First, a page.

Doctor Who review won’t be up until Tuesday at the earliest, as I spent most of Sunday running my Werewolf: The Apocalypse game and didn’t watch it until late. But speaking of my gaming habit, I got a chance to read the first issue of Kieron Gillen and Stephanie Hans’s forthcoming comic Die, so I can at least tell you all sorts of interesting stuff about that. Well, sort of. This is my first time in the weird realm of embargos and “spoiler-free” reviews. So I have to tell you how awesome this thing is without actually telling you anything about it that hasn’t already been spilled in interviews already.
Let’s start with the obvious. This thing is awesome. It’s a fascinating book that has all the signs of being a major statement on the nature of fantasy and escapism. You should definitely pre-order it; if you buy physical comics, call your local shop. If you’re into digital or haven’t really bought many comics and just want an easy way to do the thing, you can pre-order it on Comixology. Pre-ordering is massively important with comics because it is an insane industry where nothing is done in a remotely rational manner, so really, if the following sounds like your thing, please go do the thing.
Right. So Die. The premise is simple enough: in 1991, six kids sat down to play a roleplaying game. They disappeared. Two years later, five of them reappeared. When asked what happened and where they’d been, their only answer was “I can’t say.” Surprising nobody who’s consumed any contemporary fantasy media whatsoever, what happened is that they were transported into a magical realm. And now, twenty-five years later, they have to go back.
The most interesting element here, for my money, is the twenty-five years later bit. This gives us middle-aged characters. This isn’t just interesting in terms of Kieron’s work, which has focused on teenagers and young adults to a degree that has been a defining bit of style for him. It’s also interesting as a lens on both roleplaying games and fantasy. I mean, the middle-aged geek is obviously a thing in popular culture, but it’s not actually a perspective represented within it very often, and when it is it tends to be in the Hook/Christopher Robin vein of “reawakening a lost sense of wonder.” Die has the same sense of melancholy implicit in that, but the emphasis is in completely different places; there’s no assumption that growing up involves losing some vital connection to the fantastic. The wounds being confronted are very different from just not being sixten anymore.
The other interesting thing is the suspicion of fantasy. I mean, it’s still the hook of the book, and you’ve got fantasy worlds rendered in lush glory by Stephanie Hans, who’s one of the great painter-artists working in comics right now. She gives the book a opulent, emotional moodiness that’s well worth drooling over. This is a book that relishes the iconography of fantasy. And yet it’s also a book that, in a typically Gillen-esque theme drop, proclaims the game they’re about to play in 1991 to be “fantasy for grown-ups,” then muses “we were sold. Because we were deluted enough to think that’s what we actually wanted.” Fantasy is seductive, beautiful, worth obsessing over, and something that will destroy your life. Die doesn’t just want it both ways, it insists that both ways are the only way to have it.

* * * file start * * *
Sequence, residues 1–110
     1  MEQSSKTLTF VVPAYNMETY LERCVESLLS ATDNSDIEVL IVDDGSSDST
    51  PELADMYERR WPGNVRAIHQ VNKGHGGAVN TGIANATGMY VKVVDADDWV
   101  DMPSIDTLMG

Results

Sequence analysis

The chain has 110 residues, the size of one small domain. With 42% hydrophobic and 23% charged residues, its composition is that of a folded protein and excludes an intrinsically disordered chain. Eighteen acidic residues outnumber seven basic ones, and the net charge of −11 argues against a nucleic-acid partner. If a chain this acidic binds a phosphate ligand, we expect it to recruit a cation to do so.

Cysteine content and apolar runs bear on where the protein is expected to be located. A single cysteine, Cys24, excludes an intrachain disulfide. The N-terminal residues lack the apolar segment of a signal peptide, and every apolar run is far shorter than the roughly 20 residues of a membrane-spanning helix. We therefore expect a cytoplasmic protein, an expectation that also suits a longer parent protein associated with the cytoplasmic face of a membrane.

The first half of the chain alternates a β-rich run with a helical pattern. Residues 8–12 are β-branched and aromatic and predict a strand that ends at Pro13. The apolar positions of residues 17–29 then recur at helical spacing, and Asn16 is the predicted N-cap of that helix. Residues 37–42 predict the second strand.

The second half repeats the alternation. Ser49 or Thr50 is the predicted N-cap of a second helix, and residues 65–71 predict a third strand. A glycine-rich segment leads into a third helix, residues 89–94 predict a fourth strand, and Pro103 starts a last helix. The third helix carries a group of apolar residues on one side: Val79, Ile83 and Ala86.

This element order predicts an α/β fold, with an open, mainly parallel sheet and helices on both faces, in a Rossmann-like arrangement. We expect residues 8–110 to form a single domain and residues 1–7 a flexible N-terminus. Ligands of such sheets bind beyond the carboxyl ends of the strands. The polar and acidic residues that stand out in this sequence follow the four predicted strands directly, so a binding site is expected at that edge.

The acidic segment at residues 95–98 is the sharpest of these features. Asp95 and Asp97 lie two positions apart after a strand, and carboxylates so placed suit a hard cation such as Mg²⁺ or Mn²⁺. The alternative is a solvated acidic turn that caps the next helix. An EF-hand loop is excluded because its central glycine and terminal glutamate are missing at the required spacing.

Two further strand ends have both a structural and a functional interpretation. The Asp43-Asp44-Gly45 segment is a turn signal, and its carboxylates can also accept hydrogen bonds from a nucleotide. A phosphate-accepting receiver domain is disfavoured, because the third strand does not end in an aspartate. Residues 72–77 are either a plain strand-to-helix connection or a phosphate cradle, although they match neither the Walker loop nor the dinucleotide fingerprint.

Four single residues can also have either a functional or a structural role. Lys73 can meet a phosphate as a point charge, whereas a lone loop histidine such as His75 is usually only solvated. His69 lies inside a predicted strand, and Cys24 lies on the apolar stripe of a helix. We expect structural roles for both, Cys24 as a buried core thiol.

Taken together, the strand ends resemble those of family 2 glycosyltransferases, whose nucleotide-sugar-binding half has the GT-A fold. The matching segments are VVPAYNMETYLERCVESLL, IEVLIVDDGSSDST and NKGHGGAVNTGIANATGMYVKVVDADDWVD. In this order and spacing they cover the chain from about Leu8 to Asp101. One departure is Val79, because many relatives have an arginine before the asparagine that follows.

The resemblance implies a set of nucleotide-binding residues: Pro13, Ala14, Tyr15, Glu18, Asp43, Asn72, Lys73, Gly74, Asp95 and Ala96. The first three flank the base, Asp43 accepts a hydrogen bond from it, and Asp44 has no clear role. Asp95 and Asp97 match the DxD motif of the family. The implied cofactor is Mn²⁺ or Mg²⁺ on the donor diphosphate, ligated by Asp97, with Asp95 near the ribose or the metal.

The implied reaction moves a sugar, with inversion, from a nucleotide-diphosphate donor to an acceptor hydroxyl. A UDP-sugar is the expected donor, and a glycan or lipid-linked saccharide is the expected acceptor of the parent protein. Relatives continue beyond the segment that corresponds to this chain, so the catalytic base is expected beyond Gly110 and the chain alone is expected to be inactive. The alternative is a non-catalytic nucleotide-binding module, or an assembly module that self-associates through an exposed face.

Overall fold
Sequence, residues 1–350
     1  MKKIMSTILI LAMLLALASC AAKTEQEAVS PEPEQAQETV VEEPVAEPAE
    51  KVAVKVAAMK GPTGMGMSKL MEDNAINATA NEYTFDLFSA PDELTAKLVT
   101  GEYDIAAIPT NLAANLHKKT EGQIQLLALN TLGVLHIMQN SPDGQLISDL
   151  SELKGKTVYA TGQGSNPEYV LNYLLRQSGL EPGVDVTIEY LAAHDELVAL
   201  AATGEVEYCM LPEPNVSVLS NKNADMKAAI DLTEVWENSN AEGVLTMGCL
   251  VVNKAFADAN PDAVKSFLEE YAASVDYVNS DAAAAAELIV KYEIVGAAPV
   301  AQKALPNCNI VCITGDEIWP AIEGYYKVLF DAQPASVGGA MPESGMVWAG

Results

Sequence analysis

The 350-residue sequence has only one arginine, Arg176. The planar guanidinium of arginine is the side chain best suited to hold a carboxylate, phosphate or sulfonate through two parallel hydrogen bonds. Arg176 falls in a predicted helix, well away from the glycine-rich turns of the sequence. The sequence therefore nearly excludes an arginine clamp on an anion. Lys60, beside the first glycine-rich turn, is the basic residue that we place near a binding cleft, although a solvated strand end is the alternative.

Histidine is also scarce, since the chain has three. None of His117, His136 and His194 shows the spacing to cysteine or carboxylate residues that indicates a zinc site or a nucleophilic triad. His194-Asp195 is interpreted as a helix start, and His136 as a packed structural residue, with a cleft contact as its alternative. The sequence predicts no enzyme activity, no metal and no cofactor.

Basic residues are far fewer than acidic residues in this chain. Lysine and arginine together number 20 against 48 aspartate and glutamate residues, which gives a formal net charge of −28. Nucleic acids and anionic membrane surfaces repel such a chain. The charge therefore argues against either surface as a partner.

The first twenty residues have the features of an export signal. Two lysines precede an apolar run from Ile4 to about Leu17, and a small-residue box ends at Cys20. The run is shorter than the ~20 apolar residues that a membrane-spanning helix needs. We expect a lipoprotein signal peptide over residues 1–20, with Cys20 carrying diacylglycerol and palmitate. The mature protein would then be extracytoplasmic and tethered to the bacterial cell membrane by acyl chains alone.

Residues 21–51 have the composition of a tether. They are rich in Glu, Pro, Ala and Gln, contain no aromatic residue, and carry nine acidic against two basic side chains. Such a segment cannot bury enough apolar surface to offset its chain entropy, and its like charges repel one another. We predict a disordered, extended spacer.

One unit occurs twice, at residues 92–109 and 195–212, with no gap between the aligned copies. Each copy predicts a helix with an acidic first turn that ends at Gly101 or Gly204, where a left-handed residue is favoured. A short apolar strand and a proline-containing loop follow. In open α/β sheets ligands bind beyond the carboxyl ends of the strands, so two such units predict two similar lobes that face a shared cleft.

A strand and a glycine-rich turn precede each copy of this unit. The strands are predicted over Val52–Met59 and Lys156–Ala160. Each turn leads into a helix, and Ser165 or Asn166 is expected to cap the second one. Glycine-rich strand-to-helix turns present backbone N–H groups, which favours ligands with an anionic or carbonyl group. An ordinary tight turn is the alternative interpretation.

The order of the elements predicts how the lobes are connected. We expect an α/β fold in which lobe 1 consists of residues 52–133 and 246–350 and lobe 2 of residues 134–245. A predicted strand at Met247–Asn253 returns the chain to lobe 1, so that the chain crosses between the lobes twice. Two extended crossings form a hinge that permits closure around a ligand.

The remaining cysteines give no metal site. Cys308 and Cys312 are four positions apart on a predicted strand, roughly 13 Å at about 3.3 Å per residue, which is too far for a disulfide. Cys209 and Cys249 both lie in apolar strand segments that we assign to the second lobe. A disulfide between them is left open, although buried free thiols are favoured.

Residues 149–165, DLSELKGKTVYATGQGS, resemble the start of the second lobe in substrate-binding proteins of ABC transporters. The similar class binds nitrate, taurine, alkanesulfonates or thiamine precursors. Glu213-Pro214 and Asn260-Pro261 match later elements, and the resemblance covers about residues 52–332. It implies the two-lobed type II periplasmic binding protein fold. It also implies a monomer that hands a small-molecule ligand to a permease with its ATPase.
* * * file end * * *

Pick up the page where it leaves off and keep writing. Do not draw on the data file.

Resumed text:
Kieron has said that the book has a strong Planetary influence, and so it’s clear that as things go on we’re going to get a forensically knowledgeable dissection of gaming and fantasy in terms of influences and secret histories. Having geeked out with him about RPGs, I’ve little doubt he can do this with thrilling exhaustiveness. But this is also clearly a book that is set to work if you don’t have that knowledge. It knows its stuff well enough to do a good job, but also well enough to explain. (Indeed, the first issue at times takes pains to, making explicit even relatively basic things like that the title is the singular form of “dice.”)
This is also Kieron’s first big post-WicDiv project, and the mastery of craft shows. The first issue, at least, lacks any of the formalist fireworks that WicDiv can indulge in (which is for the best, as those things really require a super tidy artist in the Dave GIbbons tradition such as Jamie McKelvie, as opposed to the suggestive and painterly quality of Hans), but there’s a wealth of small touches that speak to the fact that the writer is extremely confident in the form. We only get patches of how the characters have changed in twenty-five years or how the fantasy world works, but the details chosen for revealing are fascinating, suggestive, and gesture at lots more story to tell.
All in all, it’s a cracking first issue of a book that’s clearly worth getting in on the ground floor of. If you care about fantasy as a genre or roleplaying games as a medium, it’s essential reading that deftly works the theme from both ends. It’s absolutely mad with ambition; Kieron has apparently written a rulebook to actually do the setting as a functional game, which is possibly the single most insane comic book tie-in I’ve ever heard of. I can’t wait to read more of this. I can’t wait for other people to read it so that I can talk spoilers. It’s another fucking masterpiece from Kieron Gillen. Buy it.
Die can be preordered at Comixology or at your local comic book shop.